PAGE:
In the last few years several books, including ‘Serving With Eyes Wide Open’, ‘When Helping Hurts’, ‘Disrupted’ (by our own Gayla Congdon) and ‘Toxic Charity’ have been written on the subject of short-term missions. They are written with the hope of making sure that the 2 million people and 2 billion (yes, billion with a b!) dollars spent each year by Americans alone on short-term missions are being used effectively.
A big part of my role at Amor is meeting and visiting with people that have never gone on an Amor missions trip and inviting them to participate with Amor. Some have never heard of Amor and some have. One of the things that people only peripherally aware of Amor say to me is, “Oh, you’re that house building ministry, right?”. When I hear people say this, I have a standard conversation starter that I use.
“Amor is not a house-building ministry, We are a ministry that builds houses.”
At our very core, Amor exists to support the local church. When Scott and Gayla founded Amor, they met with local church leaders to determine how they best could help. Those pastors expressed the need for adequate housing in their communities to help keep families together, and thus was born the Amor house-building trip.
In each location we serve, Amor works through the local church. A self-governing board of pastors and community leaders, called the Ministry Planning Board (MPB), determine the families that Amor will build for, and the guidelines for how those families are chosen. They meet together regularly and are mutually accountable. The MPB, not Amor, select all the families we build for.
This is done because they live, work, and minister in these communities. They have the intimate community and cultural awareness that an outsider or short-term visitor could never have.
“The Amor house becomes in essence, a tool for evangelism”
Have you ever done street or door-to-door evangelism? I’ve been involved in it a couple of times and let’s just say, it’s not my forte. I know that for some, they love it! They are just gifted differently than me and have been very effective with it.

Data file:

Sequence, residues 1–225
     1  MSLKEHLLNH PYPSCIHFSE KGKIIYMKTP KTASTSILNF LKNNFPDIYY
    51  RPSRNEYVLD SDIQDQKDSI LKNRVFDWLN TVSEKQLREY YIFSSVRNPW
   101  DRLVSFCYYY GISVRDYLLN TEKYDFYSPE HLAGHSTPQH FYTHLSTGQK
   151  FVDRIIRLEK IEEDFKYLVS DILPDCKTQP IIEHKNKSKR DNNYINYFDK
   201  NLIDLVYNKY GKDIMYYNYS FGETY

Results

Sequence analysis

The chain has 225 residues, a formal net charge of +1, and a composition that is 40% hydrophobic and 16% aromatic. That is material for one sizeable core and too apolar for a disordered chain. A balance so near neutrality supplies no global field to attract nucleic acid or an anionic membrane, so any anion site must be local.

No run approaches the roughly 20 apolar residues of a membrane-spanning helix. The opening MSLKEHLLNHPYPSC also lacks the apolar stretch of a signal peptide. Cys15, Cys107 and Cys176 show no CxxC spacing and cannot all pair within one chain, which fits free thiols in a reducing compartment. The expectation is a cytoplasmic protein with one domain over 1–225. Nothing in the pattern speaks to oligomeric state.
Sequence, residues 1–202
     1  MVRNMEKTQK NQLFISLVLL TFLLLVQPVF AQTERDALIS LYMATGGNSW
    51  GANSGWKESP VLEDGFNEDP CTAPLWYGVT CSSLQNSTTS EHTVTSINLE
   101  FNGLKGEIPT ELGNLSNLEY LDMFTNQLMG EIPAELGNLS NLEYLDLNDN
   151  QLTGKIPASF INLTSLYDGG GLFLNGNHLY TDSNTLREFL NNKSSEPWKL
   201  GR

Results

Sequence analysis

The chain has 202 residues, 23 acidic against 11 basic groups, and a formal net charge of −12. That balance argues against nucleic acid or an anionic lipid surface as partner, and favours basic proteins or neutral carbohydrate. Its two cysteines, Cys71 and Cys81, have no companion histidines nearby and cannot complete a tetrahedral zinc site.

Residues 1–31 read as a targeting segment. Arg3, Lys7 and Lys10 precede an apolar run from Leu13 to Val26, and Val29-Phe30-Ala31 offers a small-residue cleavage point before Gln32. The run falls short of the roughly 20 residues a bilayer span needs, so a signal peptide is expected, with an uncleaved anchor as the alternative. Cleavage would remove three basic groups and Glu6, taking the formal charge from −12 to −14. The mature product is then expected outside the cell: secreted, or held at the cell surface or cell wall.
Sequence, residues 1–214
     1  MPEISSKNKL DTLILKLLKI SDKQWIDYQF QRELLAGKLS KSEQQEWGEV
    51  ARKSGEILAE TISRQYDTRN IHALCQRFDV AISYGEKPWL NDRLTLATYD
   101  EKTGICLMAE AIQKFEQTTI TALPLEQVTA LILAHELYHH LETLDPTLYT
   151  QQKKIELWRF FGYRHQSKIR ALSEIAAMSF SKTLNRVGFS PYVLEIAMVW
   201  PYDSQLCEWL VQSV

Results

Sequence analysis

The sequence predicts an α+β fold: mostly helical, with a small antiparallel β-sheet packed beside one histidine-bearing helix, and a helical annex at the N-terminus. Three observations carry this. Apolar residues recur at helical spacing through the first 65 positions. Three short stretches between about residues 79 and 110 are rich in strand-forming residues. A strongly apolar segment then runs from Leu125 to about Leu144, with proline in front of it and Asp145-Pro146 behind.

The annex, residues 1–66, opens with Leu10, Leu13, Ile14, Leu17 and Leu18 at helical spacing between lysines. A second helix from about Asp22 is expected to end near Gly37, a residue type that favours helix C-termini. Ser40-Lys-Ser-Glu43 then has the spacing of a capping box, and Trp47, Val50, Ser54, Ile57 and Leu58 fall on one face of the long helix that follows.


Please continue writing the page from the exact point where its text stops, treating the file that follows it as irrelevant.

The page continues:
I know that it stretches me and I grow in my faith because of it, but I’ve never enjoyed it. When I’ve done it, I’ve left feeling like a traveling salesman hocking a product that nobody has heard of, doesn’t understand, or worse, that nobody wants. I know that the good news that I’m there to share has been life changing for me and can be for them as well. It’s just that sometimes I can’t get past “Hello, my name is Forrest….”, before the door is shut.
Sometimes people just don’t want to talk to you.
It’s like that for pastors in Mexico and all around the world too. Despite having the good news and wanting to help, the doors are shut in pastor’s face before the conversation can even begin.
The Amor house in essence, becomes a tool for evangelism. The MPB has established that families don’t need to attend a certain church or even be Christians to receive a home. This opens the door for pastors to speak to lots of people that would have never spoken to them for any other reason.
The possibility of a free house has a curiosity to it. It demonstrates the love, care, and concern that the pastor and the church (and ultimately God) has for the person. After Amor/Love (clever, huh?) is demonstrated in a tangible, physical way, through the building of a house, the gospel message can be more clearly communicated (and received).
And just like any late night advertisement…But wait! There’s more!